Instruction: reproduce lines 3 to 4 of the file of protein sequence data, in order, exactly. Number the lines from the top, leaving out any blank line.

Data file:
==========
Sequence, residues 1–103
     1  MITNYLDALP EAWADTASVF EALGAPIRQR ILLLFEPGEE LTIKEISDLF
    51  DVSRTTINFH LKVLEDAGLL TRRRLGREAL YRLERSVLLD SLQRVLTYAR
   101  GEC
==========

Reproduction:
    51  DVSRTTINFH LKVLEDAGLL TRRRLGREAL YRLERSVLLD SLQRVLTYAR
   101  GEC